The Dalton Project

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Posted by @springcolor on
Sempervivums are plants of many colors, and this changeability is part of the fascination of growing this alpine succulent.

Given the characteristic of color changes and the fact that the plants look slightly different when exposed to different environmental factors, it would be very easy to mix up the cultivar names of these chameleon plants. This was a problem: Cultivars were not consistent for the major growers of sempervivums.

Mr. and Mrs. Bruce Crane had a fancy for these plants and began the Dalton Project at their nursery, Sugar Hill, in Dalton, MA. With 400 known cultivars on the market, this was going to take some time. It began in 1970, with invitations going out to three of the major sempervivum nurseries in the United States. The invitation was a request to contribute a sample of the named sempervivums to Sugar Hill Nursery for evaluation. At the end of the evaluation, each nursery would then receive correctly named cultivars, making the cultivars consistent thoughout the United States.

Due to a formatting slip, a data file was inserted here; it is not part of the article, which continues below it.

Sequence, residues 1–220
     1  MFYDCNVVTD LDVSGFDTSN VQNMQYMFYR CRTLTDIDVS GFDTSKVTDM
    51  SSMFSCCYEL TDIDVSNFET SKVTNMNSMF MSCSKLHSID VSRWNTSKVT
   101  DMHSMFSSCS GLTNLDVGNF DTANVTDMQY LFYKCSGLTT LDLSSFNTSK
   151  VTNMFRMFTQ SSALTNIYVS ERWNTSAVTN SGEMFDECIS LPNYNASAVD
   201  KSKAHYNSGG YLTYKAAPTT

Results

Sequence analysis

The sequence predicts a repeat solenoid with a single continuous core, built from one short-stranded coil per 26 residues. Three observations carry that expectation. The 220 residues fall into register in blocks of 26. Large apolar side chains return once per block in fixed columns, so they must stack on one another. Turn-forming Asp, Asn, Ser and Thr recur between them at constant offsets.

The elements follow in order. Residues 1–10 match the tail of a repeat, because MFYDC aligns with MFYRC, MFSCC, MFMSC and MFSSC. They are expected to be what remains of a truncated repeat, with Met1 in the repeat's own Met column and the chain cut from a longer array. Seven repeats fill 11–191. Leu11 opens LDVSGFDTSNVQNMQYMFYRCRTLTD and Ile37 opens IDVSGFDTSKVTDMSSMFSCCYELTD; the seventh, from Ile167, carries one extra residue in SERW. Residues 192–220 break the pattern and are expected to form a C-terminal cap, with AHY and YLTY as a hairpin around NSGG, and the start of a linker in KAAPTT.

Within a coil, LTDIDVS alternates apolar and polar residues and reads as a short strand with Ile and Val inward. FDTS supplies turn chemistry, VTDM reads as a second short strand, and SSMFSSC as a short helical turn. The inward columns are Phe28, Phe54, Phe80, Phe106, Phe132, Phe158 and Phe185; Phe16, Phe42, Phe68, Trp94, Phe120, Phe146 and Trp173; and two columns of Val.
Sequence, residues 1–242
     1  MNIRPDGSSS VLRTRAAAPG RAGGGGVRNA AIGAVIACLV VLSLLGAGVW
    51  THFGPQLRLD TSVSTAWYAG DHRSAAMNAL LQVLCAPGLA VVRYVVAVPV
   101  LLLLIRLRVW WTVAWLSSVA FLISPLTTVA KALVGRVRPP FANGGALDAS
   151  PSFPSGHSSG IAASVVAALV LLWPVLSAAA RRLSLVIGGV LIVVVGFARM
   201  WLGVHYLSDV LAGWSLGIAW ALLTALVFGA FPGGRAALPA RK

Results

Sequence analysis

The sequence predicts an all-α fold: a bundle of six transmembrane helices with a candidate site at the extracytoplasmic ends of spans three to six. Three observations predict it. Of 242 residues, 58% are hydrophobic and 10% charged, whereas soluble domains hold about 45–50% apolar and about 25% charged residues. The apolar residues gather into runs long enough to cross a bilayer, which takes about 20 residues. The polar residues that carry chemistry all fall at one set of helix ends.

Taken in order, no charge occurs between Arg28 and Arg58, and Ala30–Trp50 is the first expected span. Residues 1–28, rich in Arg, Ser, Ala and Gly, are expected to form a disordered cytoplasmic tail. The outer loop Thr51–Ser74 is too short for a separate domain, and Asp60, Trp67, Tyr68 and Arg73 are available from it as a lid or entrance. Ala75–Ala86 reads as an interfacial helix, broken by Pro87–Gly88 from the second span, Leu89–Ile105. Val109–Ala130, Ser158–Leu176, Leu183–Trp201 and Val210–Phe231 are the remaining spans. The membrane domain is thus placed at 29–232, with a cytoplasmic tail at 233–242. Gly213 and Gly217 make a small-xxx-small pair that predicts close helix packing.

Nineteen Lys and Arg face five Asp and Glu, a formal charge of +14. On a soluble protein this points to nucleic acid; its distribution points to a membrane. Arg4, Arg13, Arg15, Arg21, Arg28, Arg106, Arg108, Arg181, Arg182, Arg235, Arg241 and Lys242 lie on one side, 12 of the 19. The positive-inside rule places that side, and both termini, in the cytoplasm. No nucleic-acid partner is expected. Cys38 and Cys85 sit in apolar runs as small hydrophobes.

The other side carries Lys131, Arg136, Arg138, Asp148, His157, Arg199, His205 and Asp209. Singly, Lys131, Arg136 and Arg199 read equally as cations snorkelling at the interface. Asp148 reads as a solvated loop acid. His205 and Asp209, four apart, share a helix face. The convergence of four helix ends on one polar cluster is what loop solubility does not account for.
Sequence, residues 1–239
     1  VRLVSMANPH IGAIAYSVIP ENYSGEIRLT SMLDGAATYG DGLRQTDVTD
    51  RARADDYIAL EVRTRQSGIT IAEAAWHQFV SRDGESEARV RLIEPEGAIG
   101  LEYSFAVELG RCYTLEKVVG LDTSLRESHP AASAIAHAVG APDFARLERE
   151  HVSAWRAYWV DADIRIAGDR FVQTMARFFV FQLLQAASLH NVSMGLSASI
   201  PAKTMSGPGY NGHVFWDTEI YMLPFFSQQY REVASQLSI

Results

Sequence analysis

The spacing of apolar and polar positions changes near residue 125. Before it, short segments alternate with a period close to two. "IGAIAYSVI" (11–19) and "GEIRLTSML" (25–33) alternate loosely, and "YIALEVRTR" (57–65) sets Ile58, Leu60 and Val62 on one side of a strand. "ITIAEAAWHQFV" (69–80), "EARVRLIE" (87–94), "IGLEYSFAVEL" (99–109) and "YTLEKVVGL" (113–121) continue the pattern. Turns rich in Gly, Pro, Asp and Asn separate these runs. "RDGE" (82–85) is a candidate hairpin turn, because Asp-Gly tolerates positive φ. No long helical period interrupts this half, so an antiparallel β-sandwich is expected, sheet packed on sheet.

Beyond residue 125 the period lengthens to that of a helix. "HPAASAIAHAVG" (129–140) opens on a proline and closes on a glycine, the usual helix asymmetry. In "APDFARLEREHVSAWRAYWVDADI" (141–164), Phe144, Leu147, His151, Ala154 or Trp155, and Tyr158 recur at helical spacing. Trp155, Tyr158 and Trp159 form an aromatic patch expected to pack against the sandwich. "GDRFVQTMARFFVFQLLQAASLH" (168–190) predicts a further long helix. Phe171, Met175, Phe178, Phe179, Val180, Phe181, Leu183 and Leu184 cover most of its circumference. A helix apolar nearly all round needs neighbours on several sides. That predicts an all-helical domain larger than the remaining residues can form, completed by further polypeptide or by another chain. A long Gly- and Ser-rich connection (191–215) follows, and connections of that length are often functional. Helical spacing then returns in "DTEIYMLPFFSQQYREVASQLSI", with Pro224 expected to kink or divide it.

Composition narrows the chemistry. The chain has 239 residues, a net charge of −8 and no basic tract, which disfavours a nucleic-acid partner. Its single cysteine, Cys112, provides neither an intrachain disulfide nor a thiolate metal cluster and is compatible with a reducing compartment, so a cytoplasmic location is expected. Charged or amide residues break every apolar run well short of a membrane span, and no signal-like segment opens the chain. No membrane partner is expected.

The control group for this study would have to come from the United Kingdom, as this was the only location that had an authority on sempervivums. Peter Mitchell therefore sent 300 cultivars to Dalton, MA, for the study. Sadly, many of the English control plants arrived small or dead, so more had to be sent. Sempervivums take time to show their true characteristics, and the process would take four years before any conclusions could be reached.

As the plants arrived at Dalton, the cultivars were to be grown side by side. Each cultivar was potted up into a 6"x 4" pot with sterile potting soil and was labeled. The sempervivums were evaluated twice a year, in spring and in fall. In 1974 the project was completed. Of the 332 plants in the original group, 128 were dubious. It was impossible to determine their true identity, and they were destroyed. The other 204 cultivars were clearly identifiable, and clones of these plants were sent to the participating nurseries.

The next issue would entail keeping the named cultivars straight, so the Sempervivum Fanciers Association Newsletter was created. Many of the great hybridizers belonged to this group of fanciers, and as a group they encouraged high-quality hybrids and eliminated look-alike cultivars. Sadly, this newsletter is no longer in production, and there is no way to control the sempervivum names in the United States.

Thumb of 2015-03-14/springcolor/77b945 Thumb of 2015-03-14/springcolor/ffc987 Thumb of 2015-03-14/springcolor/8ca720

'Cranberry,' 'Pacific Sexy,' and 'Jade Sleeper'
These three sempervivums look similar and easily could be confused for one another. These pictures were taken in my garden about a week ago.

Comments and Discussion
Thread Title Last Reply Replies
Great article by Oberon46 Sep 11, 2015 9:11 AM 8

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